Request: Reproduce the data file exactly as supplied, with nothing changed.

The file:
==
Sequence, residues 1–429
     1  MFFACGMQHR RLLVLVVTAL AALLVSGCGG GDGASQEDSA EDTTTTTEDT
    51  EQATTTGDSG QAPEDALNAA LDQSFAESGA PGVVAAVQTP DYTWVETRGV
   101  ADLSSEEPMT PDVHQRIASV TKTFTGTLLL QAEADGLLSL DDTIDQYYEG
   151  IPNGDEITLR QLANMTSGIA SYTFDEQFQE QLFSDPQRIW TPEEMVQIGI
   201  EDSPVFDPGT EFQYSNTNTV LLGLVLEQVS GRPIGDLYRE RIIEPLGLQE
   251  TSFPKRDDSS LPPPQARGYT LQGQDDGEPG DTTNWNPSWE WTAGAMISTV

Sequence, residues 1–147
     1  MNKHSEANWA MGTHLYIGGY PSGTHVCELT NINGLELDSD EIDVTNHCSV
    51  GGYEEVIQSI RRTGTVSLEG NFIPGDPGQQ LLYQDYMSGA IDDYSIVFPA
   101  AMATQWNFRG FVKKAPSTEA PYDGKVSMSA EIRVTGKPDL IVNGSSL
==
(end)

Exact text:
Sequence, residues 1–429
     1  MFFACGMQHR RLLVLVVTAL AALLVSGCGG GDGASQEDSA EDTTTTTEDT
    51  EQATTTGDSG QAPEDALNAA LDQSFAESGA PGVVAAVQTP DYTWVETRGV
   101  ADLSSEEPMT PDVHQRIASV TKTFTGTLLL QAEADGLLSL DDTIDQYYEG
   151  IPNGDEITLR QLANMTSGIA SYTFDEQFQE QLFSDPQRIW TPEEMVQIGI
   201  EDSPVFDPGT EFQYSNTNTV LLGLVLEQVS GRPIGDLYRE RIIEPLGLQE
   251  TSFPKRDDSS LPPPQARGYT LQGQDDGEPG DTTNWNPSWE WTAGAMISTV

Sequence, residues 1–147
     1  MNKHSEANWA MGTHLYIGGY PSGTHVCELT NINGLELDSD EIDVTNHCSV
    51  GGYEEVIQSI RRTGTVSLEG NFIPGDPGQQ LLYQDYMSGA IDDYSIVFPA
   101  AMATQWNFRG FVKKAPSTEA PYDGKVSMSA EIRVTGKPDL IVNGSSL